For Brian Schwieger, executive officer to the London stock Exchange, it is ” the biggest overhaul of financial markets since the big bang [the deregulation put in place by the first british minister Margaret Thatcher, in 1986] “. To be ready for the day of its introduction, it has had to mobilise nearly three hundred people in the last three years.
Wednesday, 3 January, the second european directive on markets in financial instruments, known as ” MIFID 2 “, will enter into force. Ten years after the crisis of 2008, its goal is to bring more transparency and promote a better supervision of markets. In the future, derivative products and bonds, are traditionally traded ” otc “, without Scholarships, will in principle be better controlled. “The change is major,” says Grant Lee, audit firm PwC.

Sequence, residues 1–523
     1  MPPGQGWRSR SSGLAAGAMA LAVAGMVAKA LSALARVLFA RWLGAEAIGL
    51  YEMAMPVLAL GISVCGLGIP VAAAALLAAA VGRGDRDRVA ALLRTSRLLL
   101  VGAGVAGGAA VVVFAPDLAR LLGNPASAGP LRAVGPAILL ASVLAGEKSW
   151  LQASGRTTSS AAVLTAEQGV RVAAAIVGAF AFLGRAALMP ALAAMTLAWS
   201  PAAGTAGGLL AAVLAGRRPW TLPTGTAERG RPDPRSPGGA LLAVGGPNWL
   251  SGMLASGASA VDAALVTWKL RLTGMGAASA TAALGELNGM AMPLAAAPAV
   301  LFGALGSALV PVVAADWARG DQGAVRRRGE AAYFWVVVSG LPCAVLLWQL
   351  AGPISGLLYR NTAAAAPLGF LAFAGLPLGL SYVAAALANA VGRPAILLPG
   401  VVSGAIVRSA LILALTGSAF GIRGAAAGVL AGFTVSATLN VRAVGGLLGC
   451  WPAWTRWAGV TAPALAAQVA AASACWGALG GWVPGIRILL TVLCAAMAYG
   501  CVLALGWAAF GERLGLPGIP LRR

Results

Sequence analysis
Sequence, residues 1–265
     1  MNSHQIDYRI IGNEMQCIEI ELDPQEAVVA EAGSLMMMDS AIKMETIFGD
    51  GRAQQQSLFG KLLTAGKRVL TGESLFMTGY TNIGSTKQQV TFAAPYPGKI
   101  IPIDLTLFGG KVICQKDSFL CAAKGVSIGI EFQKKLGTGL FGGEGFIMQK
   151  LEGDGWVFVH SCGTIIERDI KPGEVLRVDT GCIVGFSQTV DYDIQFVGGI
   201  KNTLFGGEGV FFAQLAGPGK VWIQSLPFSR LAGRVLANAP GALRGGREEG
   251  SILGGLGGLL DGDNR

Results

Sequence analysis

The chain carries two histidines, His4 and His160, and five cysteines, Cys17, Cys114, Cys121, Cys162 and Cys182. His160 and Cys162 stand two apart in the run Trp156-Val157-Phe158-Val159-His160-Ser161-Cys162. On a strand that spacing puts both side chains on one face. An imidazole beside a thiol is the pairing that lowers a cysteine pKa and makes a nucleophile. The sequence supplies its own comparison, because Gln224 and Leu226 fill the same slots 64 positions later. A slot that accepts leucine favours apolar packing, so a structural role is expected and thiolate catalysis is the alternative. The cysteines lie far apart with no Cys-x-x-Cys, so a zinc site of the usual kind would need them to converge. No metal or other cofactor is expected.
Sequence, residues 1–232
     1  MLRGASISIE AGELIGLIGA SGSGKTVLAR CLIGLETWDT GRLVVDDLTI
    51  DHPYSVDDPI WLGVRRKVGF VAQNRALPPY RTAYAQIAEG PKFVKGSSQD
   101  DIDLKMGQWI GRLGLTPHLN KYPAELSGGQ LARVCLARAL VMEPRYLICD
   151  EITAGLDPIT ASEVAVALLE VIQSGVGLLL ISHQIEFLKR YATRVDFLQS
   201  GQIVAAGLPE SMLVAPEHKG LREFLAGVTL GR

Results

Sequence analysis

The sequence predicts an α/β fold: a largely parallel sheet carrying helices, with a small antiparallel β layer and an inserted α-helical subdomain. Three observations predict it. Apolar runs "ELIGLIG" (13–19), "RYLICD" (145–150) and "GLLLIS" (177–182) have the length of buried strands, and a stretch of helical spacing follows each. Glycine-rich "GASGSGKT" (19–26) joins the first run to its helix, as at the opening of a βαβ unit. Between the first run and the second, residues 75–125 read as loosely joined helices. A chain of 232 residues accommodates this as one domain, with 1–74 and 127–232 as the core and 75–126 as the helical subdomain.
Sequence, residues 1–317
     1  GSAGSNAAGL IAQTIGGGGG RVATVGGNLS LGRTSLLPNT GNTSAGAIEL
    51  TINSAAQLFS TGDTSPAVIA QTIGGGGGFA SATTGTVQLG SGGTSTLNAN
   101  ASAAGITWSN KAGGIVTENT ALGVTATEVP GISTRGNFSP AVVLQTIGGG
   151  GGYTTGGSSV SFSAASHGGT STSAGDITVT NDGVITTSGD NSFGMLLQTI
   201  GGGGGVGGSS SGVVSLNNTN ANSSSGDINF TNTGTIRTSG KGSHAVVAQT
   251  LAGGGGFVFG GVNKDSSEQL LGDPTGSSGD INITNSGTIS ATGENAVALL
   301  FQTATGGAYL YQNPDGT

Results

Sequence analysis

The lessons of the crisis
In 2007, the european Union (EU) has adopted the ” MIFID 1 “, which revolutionized the stock markets. The old Scholarships of yesteryear have lost their monopoly. It is now possible to trade shares on competing platforms, through which pass one-third of stock market transactions. Under pressure, the historical places have had to lower the commissions they pay to their customers and offer better services.
But, while this reform was only in its infancy, the financial crisis broke out. The problem is not come from the stock markets, but products as “exotic” which almost nobody had heard of, and which were passed under the radar of regulators. “The crisis has revealed a great lack of transparency,” Mr. Schwieger.
In April 2009, world leaders met in London during a G20 history. They agreed on a clear roadmap : to better regulate the banks – which is generally done – and better manage…